The NFL Draft is where dreams suddenly become reality for aspiring professional football players.
Everything leading up to the moment a player is selected by a team is anxious anticipation, full of uncertainty. By the end of the week, former Sam Houston State running back Timothy Flanders should have answers.
Flanders should have an idea for where he will live, work and for how much money. Advisers are telling him he’s at best a fourth-round pick, but all it takes is one team to make a surprise decision.
Ever since his pro day March 18, Flanders has been playing the waiting game. The draft was pushed back to May 8-10, whereas it’s normally held in late-April.
The all-time Southland Conference rushing and scoring leader was back in Huntsville on Sunday for the Sam Houston State athletics banquet before traveling back to his hometown Midwest City, Okla., where he’ll wait out the final hours of the draft process.
Flanders soaked in his final moments with college peers before life changes drastically.
“I’m just a few days away now,” Flanders told The Item. “I’m pretty excited, anxious and nervous at the same time because you never know what would happen. I kind of see myself getting picked up on the third day (fifth through seventh rounds). There’s nothing wrong with that. Everybody wants to get drafted. I want to get drafted. Twenty or 30 years down the road, I want to say I was in the 2014 draft class.
“But at the end of the day, regardless of whether I get drafted or not, I’m going to sign with a team.”
It was kind of a coincidence
Not too long ago, Flanders was the new kid on the block at Sam Houston State. He made a late arrival in 2010, but soon the Bearkats realized who the starting running back would be for the foreseeable future.
Wearing No. 16, an unusual jersey number for the position, Flanders seemingly came out of nowhere to establish himself as the top running back in the Southland Conference his redshirt freshman season.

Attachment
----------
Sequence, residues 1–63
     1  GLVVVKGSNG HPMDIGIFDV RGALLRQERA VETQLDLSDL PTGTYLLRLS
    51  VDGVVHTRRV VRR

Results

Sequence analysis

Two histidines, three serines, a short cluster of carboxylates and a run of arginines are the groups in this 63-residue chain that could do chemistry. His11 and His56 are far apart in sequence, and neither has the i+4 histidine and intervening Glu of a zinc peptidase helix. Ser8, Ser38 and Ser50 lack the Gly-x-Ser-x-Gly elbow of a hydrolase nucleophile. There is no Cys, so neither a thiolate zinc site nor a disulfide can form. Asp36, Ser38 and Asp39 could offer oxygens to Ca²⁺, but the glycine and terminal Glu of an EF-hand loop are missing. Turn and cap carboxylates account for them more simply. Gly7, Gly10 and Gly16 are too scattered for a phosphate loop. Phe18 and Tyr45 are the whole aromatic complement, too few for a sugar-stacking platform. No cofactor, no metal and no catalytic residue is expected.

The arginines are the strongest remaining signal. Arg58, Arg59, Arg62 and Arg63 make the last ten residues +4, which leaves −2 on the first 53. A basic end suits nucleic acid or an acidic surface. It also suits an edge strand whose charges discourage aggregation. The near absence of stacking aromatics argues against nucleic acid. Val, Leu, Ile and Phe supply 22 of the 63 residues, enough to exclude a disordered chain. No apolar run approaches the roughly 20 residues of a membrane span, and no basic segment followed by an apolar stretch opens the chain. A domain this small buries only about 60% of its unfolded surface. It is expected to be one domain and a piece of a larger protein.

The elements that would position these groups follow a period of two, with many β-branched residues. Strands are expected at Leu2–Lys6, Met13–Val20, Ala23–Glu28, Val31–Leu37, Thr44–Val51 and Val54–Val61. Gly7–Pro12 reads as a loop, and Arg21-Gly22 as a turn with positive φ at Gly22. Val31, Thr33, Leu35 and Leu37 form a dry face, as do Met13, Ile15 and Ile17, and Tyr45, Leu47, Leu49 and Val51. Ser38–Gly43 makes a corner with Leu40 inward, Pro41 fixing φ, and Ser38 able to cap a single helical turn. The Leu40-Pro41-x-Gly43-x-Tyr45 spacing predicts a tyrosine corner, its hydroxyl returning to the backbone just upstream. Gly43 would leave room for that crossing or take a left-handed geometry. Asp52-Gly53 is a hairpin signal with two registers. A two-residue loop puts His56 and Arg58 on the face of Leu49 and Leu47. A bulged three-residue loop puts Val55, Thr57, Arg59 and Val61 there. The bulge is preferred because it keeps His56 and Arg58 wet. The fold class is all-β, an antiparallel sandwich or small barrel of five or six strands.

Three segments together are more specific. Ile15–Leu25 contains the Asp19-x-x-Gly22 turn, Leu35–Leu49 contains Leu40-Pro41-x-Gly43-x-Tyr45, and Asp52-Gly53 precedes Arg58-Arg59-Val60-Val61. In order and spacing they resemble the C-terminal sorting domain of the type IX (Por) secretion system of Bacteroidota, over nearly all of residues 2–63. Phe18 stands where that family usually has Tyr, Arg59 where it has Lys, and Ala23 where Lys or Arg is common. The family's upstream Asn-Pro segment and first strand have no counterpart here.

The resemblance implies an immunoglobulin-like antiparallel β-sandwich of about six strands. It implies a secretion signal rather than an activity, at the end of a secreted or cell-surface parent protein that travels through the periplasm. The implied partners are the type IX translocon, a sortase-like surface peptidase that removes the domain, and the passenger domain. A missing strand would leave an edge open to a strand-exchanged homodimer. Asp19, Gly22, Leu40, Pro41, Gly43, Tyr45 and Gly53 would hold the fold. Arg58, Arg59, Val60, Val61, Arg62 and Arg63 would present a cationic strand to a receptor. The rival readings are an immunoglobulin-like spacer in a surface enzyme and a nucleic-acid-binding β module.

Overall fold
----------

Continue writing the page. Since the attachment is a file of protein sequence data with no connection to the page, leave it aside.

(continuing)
Bearkat fans can thank former offensive line coach Derek Warehime for making it all come together. Four years ago, Flanders was at Kansas State looking for more playing time, while Sam Houston was in a position similar to where it is today – making a significant coaching staff transition.
Warehime, in his first year as offensive line coach with the Kats, got a call from one of Flanders’ high school coaches in the spring of 2010. Sam Houston had an extra scholarship available, but Flanders couldn’t leave Kansas State until he finished a summer course in July.
“Everybody was excited about him,” Warehime recalls from showing Flanders’ film to former head coach Willie Fritz and offensive coordinator Bob DeBesse. “He got to us like when school started or something like that. We got him in school and he ran with it. He’s a good kid, a stud. I’m so glad it worked for him because he’s as good as any kid that’s ever come out of (Sam Houston).”
The Warehime and Flanders families had known each other for years prior to Timothy becoming a college football player. Warehime’s aunt, uncle and cousin were in a car accident which left his aunt in a nursing home, where Flanders’ father Anthony worked.
Warehime’s father Nick is the head coach at Oklahoma’s Del City High School, in the same district as Flanders’ Midwest City High.
Four years later, a mere coincidence has led to an outstanding college career that’s earned consideration at the professional level.
“It didn’t have anything to do with me except having that connection with a high school coach and being from the same area,” Warehime said. “But other than that, Tim did all of it and I’m glad he had an opportunity to do it.”